People with addiction or substance abuse problems use different forms of denial to keep themselves in the addictive cycle. Denial can be a dysfunctional protection mechanism which you may use to protect yourself from having to recognise, deal with and accept the reality of what is occurring in your life. This is often unconscious.
To recover from addiction, it is incredibly important to be able to identify denial. The 12 patterns of denial were developed by international addiction expert Terence Gorski to help identify complicated denial strategies used by addicts and alcoholics.
Flight into health essentially refers to the powerful positive feelings experienced by an addict or alcoholic after getting clean and sober. While this seems like a good thing, addicted people use this to convince themselves and others that they are ‘cured’ when, in fact, addiction is a chronic disease that needs lifelong management. Believing one is cured will ultimately lead that person back to substances as they believe they are now in control. Read on to find out more about how people with chemical dependency use flight into health as a denial strategy to safeguard their addictive behaviours.
What is Denial in Addiction?
Denial is the first issue to address when addicted persons enter treatment or try other ways of recovering from their substance use disorder.
Denial is when someone
- Ignores reality
- Downplays reality
- Distorts reality
Reality is painful and difficult, and the addict turns to substances or other addictive behaviours to cope – i.e., to escape.
In the words of Dr Diamond: “The addict cannot tolerate reality… Neither internal reality nor external reality”. “They find reality repugnant, uncomfortable, and overwhelming, and prefer, like the psychotic, withdrawal into fantasy, bliss, or oblivion over reality.”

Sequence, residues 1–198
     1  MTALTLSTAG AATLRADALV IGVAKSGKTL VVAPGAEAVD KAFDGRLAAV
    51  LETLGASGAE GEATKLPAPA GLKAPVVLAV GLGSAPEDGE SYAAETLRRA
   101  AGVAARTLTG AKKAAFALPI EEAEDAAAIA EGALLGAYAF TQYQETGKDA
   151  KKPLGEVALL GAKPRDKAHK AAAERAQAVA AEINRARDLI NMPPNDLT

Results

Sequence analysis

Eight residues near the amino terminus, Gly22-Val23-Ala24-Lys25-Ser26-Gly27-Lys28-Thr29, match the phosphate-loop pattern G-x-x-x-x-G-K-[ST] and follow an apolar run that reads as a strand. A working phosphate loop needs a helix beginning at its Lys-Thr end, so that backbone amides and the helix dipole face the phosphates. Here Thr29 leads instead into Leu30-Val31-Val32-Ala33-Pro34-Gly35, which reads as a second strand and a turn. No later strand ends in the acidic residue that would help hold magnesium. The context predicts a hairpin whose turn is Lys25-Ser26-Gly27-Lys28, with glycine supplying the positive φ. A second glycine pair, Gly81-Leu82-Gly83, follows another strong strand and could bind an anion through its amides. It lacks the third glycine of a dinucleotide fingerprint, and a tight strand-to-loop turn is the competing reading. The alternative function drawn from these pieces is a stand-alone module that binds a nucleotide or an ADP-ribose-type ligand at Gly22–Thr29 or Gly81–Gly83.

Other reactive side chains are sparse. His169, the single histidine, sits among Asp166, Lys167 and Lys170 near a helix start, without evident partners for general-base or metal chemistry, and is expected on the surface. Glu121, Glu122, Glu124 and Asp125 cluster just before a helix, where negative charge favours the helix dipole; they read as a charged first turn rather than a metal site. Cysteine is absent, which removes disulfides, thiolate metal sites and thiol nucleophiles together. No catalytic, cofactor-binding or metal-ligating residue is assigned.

The first of the 12 steps of Alcoholics Anonymous, and other 12-step programmes, is completely geared at confronting and overcoming denial: We admitted that we were powerless over alcohol/drugs – that our lives had become unmanageable.
Without truly confronting and overcoming denial, no matter how much you want to get better, denial will trip you up and prevent you from recovering. This can be a tricky process because denial comes in so many forms and has become so normalised to the addict that they struggle to even recognise when they are using a given pattern of denial.
What is Flight Into Health in Addiction Denial?
“Feeling better means that I’m cured”
When someone stops using drugs or drinking for a few weeks it is often remarkable how much better they feel relatively quickly.
As they start to feel better, the pain and ill-health they experienced in addiction fall further into the past and become more distant memories. They might start to think that, because they feel so well, they are ‘cured’.
They may tell themselves that they no longer need to follow a programme of recovery, attend 12 step meetings or continue seeing a counsellor.
This is a pattern of denial that can precipitate a relapse because the addicted person forgets they have a life-long disease that requires life-long treatment in the form of a recovery programme.
Some people may begin to convince themselves that things weren’t that bad and they could probably control their use of substances now. Their new-found wellness can deceive them about the power of their disease.
Read more about the 12 patterns of denial below: